Incident-prone in his rookie season with Rapax in 2011, he was then solid but unspectacular with Trident in 2012. Last year he showed some promising pace on occasion and did well in sprint races when presented with the opportunity, but he also had a lot of weekends where he was anonymous, which was disappointing when his team-mate Fabio Leimer was fighting for the title.
He’s been racing big single-seaters since Euroseries 3000 in 2007, and fourth-year GP2 drivers tend to be challengers. But he didn’t exactly make the most of top equipment last year and with plenty of quality on the grid, it’s not certain he’ll be any closer to Nasr than he was to Leimer. On the other hand, there were some high points in pre-season testing.
After taking a driver to the GP2 title for the second time last year with Fabio Leimer, the Spanish squad has acquired what is arguably the strongest driver pairing on the grid for 2014, which should give it a good shot at winning the teams’ title for the first time.
Italy, age 19
2013: FIA F3 European champion
His title success in the FIA F3 European Championship last year was a confirmation of the potential he’d previously shown, but any fears his talent was restricted only to F3 cars were quashed when he stunned in both GP2 and Formula Renault 3.5 testing at the end of 2013.
Ferrari therefore had a big decision to make on which series to place their Italian protege, and opted for GP2. His performances in Abu Dhabi in November raised expectations that, equipped with the champion’s car, he could bring an end to rookie struggles in the category.
His pre-season running has been much, much lower-key but he still seems confident enough and shouldn’t be underestimated purely on testing. He’s not the only big talent on the grid this year though, so he’ll be doing very well if he overcomes his experience deficit to beat them. If things don’t go his way, it will be a great test of his resolve, and that is perhaps a challenge he wouldn’t have faced in FR3.5.
Monaco, age 24
2013: Fifth in GP2
With the manner in which his 2013 season fell apart followed by a quiet winter, it wasn’t clear whether Coletti would want to come back for more GP2 until he filled the second Racing Engineering seat on the eve of pre-season testing.
It’s a well-versed tale now, but he was on top of the standings at the halfway point of last year after wins in Malaysia, Spain and his own streets of Monaco. Then, he failed to score a single point in the second half of the campaign.
Those early rounds were a demonstration of the potential he held during his formative years, and they say you don’t just lose talent overnight. But, whatever went wrong, keeping mentally strong will be vital if he is to perform this time around. Hopefully, for his sake, his results will be better than they were in pre-season testing, where he was more often than not in the lower placings. His F1 chances may now only be slim, but this is still a chance to prove any doubters wrong.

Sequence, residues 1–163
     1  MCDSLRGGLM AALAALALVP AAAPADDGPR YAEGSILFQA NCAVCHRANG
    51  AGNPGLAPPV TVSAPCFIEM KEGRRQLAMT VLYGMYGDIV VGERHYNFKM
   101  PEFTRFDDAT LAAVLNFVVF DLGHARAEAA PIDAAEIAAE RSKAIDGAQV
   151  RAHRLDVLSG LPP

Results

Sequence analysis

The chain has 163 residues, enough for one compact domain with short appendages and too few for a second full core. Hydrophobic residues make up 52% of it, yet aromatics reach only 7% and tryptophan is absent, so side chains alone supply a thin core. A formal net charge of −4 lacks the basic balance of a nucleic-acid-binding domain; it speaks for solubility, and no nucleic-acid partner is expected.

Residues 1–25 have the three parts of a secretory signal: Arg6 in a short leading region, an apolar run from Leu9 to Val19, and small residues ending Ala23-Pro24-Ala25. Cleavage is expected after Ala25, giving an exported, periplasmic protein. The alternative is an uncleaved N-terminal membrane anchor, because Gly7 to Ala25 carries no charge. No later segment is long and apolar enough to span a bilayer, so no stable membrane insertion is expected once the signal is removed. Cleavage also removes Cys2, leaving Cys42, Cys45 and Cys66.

DAMS won the first two drivers’ titles with the current generation car, in the hands of Romain Grosjean and Davide Valsecchi, but Marcus Ericsson couldn’t deliver a third last year. They’ve continued their policy of getting a series veteran to lead their assault, and continuity in the second seat creates a strong, if slightly uninspiring, driver pairing.
United Kingdom, age 22
2013: Seventh in GP2
Palmer was a potent force towards the end of last year with Carlin, claiming feature race wins in Hungary and Singapore and coming close to another in Abu Dhabi. He would have been touted as a 2014 challenger even if he had stayed where he was, but he couldn’t resist a move to the 2011/12 champions DAMS over the winter.
The French squad are his fourth team in four years in GP2, and his first based outside of Britain. His GP2 career has been one of steady progress, from no points with Arden, to podiums and a sprint race win with iSport and then his feature race wins last year with Carlin.
He would have had a better season in 2013 had he got on top of qualifying earlier in the year, but fortunately the DAMS package is particularly strong over one lap – although he will need to make sure he makes the most of that advantage. Not rated as highly as his peers, he won’t make for the most popular of champions, but would be taken more seriously if he beats them.
Monaco, age 24
2013: Eighth in GP2
Richelmi was fairly unspectacular but consistently scored decent points to finish the year eighth, not far from then team-mate Ericsson and Palmer. He capitalised on the qualifying speed of the DAMS car – taking pole at the Nurburgring – but failed to make the most of this in races.
He only finished on the podium once – fewer than anyone else in the top 15 managed. Staying with one of the top teams and with another year’s experience under his belt, you might expect him to make a step forward. But to do that he’s got to start winning races, and that might be tough with lots of talent also in good cars and looking good in testing.
Richelmi himself wasn’t far from Palmer in the opening test in Abu Dhabi, but slipped backwards a little in Bahrain. A sign of him standing still as some of those around him get more familiar with their new surroundings? We’ll see.